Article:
We Have a Problem with Respect

Respect Merriam-Webster Dictionary

A feeling or understanding that someone or something is important, serious, etc., and should be treated in an appropriate way.

respect posterWhat I am learning about respect is that it isn’t only a feeling or understanding that someone is worthy of being acknowledged and treated as if they matter, it also means acting on that understanding. It means treating people with respect through your words and actions, whether it’s the people you live with or the people you share a country and a planet with. It is a sort of holding space for the complexity of humanness.

Respect is the basis for inclusion. A lack of respect leads to bullying and other harmful behaviors. I don’t know that we can all love everyone, but I do believe we can all respect everyone for their complex humanity. You cannot include people in your vision, your community, your nation that you don’t respect, that you don’t acknowledge as a human equal to you in their deserving of dignity and safe space to be who they are, whether they are a birth mother, black, trans*, autistic, a refugee from Syria, a person with unusual fetishes, or the person without a home that you pass on the city street every day. All of these humans are more than the one label we give them, which is in itself a sign of disrespect if we fail to also acknowledge that we all contain a multitude of labels within our complex identities.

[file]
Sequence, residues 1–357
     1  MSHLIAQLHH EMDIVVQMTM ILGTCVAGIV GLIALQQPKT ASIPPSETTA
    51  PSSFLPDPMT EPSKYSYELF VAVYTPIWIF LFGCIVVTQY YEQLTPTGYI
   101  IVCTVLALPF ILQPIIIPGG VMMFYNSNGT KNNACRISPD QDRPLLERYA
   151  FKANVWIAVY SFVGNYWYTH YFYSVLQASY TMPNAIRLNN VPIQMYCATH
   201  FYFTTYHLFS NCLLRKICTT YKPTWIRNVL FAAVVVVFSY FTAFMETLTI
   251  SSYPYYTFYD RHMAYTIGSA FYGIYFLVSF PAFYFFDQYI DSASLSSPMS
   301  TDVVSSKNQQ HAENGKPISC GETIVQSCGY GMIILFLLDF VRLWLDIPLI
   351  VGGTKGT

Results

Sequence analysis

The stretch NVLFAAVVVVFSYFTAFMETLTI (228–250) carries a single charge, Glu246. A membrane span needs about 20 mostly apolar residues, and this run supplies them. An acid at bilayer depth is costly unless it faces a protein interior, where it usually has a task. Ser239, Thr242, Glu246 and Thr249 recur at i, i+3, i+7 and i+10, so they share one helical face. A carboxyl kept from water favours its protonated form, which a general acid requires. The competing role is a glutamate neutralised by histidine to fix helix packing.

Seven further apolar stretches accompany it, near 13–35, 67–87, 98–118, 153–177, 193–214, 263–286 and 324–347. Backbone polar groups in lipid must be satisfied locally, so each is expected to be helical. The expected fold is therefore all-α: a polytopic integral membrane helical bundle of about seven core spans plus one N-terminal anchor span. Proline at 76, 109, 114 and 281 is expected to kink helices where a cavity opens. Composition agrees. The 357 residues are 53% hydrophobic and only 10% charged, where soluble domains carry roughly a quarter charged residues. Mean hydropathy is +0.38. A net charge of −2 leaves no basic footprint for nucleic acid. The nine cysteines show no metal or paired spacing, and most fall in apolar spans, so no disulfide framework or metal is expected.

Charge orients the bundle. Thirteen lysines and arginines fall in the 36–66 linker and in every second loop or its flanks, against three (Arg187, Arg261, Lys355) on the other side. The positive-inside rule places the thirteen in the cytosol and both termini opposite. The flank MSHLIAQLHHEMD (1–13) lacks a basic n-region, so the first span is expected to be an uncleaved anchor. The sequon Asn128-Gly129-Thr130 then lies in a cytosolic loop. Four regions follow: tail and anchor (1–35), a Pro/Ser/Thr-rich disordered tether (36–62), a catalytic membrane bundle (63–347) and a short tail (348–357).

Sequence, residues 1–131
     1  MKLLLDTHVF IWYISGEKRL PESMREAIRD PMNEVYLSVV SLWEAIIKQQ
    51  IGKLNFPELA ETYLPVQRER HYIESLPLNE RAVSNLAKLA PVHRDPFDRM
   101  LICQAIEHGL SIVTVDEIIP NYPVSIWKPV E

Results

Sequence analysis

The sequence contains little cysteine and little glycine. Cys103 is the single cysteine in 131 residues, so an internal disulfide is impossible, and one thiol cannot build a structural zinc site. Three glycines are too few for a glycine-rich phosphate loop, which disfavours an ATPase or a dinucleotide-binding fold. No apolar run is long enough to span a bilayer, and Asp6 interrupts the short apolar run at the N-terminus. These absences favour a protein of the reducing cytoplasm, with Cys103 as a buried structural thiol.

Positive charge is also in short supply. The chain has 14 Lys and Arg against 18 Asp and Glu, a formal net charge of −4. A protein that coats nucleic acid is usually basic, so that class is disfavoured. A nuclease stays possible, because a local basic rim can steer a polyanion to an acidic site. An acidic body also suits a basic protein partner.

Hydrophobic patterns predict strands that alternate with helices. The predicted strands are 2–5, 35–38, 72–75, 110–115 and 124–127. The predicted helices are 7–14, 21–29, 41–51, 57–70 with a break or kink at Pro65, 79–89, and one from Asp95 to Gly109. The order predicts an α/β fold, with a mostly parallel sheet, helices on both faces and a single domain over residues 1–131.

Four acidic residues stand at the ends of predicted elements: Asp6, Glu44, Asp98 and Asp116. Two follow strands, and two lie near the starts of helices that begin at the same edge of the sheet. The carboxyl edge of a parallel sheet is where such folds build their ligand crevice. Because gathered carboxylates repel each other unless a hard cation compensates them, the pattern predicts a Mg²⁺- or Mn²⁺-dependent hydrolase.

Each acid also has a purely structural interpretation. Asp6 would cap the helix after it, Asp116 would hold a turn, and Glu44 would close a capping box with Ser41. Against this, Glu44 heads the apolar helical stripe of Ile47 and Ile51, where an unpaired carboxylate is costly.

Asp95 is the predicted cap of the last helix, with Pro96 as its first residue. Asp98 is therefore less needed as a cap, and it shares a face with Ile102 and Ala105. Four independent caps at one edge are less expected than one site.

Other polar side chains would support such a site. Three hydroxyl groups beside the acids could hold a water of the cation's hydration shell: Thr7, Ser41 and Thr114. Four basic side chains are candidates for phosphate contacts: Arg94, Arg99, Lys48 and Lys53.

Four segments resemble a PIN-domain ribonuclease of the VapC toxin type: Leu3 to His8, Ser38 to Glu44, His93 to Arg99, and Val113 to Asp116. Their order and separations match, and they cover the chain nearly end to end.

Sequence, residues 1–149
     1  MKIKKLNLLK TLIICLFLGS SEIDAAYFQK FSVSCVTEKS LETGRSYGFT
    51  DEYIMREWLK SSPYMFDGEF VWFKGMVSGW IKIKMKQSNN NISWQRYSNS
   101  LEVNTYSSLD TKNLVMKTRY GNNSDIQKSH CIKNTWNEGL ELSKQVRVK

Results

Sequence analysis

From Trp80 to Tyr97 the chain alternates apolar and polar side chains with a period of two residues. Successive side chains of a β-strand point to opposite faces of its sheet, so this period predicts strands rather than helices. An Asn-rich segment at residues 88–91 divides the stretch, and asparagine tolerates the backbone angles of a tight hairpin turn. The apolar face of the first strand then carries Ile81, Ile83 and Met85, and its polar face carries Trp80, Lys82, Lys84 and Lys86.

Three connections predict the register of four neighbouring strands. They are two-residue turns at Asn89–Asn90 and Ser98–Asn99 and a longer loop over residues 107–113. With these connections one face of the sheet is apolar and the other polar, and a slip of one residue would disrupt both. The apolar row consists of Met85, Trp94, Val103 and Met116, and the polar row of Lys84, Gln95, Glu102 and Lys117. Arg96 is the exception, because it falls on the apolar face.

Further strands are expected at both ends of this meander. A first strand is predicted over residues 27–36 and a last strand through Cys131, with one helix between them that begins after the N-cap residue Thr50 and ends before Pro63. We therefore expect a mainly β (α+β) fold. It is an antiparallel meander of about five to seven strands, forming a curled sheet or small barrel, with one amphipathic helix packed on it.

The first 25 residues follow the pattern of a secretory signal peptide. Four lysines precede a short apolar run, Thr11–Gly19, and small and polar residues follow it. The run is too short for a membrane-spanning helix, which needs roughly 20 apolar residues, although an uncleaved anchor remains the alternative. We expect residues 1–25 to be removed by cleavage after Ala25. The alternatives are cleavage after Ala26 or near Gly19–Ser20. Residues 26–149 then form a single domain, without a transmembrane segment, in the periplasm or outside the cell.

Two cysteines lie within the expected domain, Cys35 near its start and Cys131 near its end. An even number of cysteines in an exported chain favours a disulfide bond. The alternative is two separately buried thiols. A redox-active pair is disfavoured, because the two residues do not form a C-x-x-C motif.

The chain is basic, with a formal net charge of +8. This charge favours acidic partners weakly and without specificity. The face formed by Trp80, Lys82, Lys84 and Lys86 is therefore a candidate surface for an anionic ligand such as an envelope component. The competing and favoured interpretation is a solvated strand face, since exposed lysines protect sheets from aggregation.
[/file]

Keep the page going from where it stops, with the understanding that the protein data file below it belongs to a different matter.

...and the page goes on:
Relationships and spaces are not safe for anyone if they include disrespect and bullying.

I experienced disrespect in many ways this past year. I lived with people who thought it was ok to ignore me when I spoke to them, to criticize me for how I cleaned up their messes, to not participate as a partner in caring for the home and let everyone else clean up after them without a word of gratitude, and to bully me for my introversion and birth mother grief. I shared my child with people who thought it was ok to violate our agreements and use my relationship with him as a weapon when I didn’t do what they wanted, and then cast me as the abuser. I worked for people who thought it was ok to ignore my requests to be valued, to dismiss my ideas and attempts to bring value without conversation, to ignore and neglect me, and to lie to my face on multiple occasions to protect themselves from confrontation. I was repeatedly given the message that I am not a human worthy of acknowledgement and respect, let alone safe space to have my thoughts and feelings about my experience.

But this isn’t about blame. I own that I passively endured much of this disrespectful behavior, until I stopped doing so by speaking up and telling the truth, moving out of the shared home, and ending the bullying relationships. I know I allowed myself to be disrespected because I didn’t believe I was worthy. I believed I had to earn attention, respect and love, because that’s how it felt with my mom. I believed being ignored, neglected, criticized and bullied were part of love, like it was with all of my parents growing up. I had to learn to respect myself before I could stand up for myself.